This project has shown how some ‘blockages’ to greater global awareness in schools can be unblocked. The challenge now is to share and learn from our experiences. By Sandy Betlem, NEAD.
Our theme was ‘Rich World, Poor World’. How do we open the eyes of children to equality issues?
This project supports the National Framework for PSHE and the National Healthy School Standard, as well as supporting the development of Citizenship throughout the school with some 1400 pupils.
Global citizenship has radically altered the Key Stage 3 curriculum at Broadoak High School.
Our Global Citizenship days are off-timetable events with a mixture of quizzes, activities, video, and seminars. They are designed to cater for approximately half a year group at a time (110 students).
This was one of those projects that makes you think being a teacher really is worthwhile!
An anti-racism day held in 2002 brought together visiting speakers, specialist workshops, interested staff and visitors from NFC. This became a model for our first global citizenship event.
One World Day was part of a week linked to the School Development Plan, focusing on global issues.
A review of the attitudes of the whole school towards global citizenship resulted in changes to the School Development Plan.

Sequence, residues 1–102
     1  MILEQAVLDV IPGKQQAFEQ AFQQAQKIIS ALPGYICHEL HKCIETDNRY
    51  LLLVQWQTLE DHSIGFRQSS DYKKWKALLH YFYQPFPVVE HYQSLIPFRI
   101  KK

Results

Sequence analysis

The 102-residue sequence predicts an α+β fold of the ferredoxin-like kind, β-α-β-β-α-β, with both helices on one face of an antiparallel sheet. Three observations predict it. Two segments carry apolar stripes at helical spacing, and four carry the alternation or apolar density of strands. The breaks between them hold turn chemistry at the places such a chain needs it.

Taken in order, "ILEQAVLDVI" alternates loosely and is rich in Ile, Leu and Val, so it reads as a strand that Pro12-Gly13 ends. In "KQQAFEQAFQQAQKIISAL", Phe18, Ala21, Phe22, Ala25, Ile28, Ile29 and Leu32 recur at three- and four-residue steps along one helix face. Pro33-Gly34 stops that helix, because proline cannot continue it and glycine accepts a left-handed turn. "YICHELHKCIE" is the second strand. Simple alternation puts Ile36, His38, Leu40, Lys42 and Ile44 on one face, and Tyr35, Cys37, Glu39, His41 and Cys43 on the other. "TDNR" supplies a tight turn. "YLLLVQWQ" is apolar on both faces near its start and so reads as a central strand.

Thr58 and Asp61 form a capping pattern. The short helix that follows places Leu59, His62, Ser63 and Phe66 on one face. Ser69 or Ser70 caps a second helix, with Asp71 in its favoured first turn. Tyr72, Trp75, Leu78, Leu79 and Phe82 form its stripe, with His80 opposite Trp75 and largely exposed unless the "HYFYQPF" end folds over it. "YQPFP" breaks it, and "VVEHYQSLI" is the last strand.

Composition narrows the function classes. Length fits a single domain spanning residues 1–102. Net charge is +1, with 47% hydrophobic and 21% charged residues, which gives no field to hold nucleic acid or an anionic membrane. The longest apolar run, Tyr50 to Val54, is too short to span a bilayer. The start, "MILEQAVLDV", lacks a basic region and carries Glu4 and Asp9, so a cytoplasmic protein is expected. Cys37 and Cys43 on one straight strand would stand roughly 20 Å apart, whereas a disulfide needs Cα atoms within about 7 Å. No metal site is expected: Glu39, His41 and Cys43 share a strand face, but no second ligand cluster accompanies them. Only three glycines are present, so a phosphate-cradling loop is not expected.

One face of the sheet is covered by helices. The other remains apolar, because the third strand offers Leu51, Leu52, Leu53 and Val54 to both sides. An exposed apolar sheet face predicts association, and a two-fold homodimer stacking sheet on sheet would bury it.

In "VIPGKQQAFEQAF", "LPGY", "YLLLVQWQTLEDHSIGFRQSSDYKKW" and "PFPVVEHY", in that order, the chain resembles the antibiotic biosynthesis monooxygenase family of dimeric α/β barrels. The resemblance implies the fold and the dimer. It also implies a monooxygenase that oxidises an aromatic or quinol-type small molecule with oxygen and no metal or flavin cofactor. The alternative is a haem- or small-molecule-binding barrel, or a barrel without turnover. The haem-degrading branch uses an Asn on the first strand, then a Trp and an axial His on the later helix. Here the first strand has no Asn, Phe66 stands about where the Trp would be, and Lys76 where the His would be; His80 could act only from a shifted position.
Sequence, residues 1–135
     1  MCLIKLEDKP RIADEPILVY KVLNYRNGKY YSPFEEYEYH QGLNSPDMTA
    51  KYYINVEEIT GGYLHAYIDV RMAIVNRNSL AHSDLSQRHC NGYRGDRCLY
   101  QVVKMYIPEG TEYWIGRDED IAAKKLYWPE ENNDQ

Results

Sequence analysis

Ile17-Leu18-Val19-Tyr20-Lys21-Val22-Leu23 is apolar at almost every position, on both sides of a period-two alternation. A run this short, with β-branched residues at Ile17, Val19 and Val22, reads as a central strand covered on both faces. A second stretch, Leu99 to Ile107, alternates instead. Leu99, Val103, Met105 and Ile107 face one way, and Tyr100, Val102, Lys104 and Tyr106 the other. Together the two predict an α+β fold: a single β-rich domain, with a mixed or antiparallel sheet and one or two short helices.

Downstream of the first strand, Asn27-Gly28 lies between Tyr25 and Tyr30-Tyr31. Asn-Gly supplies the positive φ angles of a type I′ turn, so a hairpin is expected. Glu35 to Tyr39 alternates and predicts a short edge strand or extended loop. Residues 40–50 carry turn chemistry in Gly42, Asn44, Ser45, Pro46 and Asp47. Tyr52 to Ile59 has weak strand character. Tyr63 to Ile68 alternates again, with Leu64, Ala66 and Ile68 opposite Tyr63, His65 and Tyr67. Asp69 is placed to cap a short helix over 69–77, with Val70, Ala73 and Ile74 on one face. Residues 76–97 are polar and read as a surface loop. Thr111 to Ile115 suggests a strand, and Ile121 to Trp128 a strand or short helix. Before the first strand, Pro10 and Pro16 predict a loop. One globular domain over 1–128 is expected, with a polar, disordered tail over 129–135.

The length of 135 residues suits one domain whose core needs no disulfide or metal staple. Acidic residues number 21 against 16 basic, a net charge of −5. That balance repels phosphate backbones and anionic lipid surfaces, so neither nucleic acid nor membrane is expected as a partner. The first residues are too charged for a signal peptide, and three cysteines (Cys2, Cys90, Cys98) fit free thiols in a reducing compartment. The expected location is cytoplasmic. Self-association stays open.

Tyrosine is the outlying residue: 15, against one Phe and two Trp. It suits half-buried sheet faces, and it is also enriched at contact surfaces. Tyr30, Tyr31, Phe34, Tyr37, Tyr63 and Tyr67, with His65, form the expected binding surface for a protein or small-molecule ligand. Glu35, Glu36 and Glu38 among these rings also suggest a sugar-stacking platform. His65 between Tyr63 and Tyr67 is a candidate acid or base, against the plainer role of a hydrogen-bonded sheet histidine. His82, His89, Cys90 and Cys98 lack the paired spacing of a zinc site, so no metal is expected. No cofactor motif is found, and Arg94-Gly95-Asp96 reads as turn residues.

Our multi-cultural arts day was aimed at Year 7 students and was one of a programme of stop days around global citizenship in our school.
Fair trade day formed part of a whole school curriculum enrichment programme, and linked to the Citizenship scheme of work, which explores diversity and human rights in a local, national and global context.
Many schools would say their students have a voice, but do they really? What about at Whalley Range?
The Manifesto for Education Outside the Classroom promotes high-quality outdoor learning experiences to support cognitive skills and aid personal development – gardening fits the bill, says Dr Susan Johnson
Charitable trusts give more than £350m to education annually. Louise Germaney looks at some of the biggest grant-giving foundations.
Top tips for surviving your first year at a new school, from teacher Ben Vessey
My late father was one of Her Majesty’s School Inspectors in the 1970s and 1980s.
In the third of our series of articles about the Opening Minds Curriculum, Imogen Willgress explains how a new team was brought together to plan the new approach to Key Stage 3.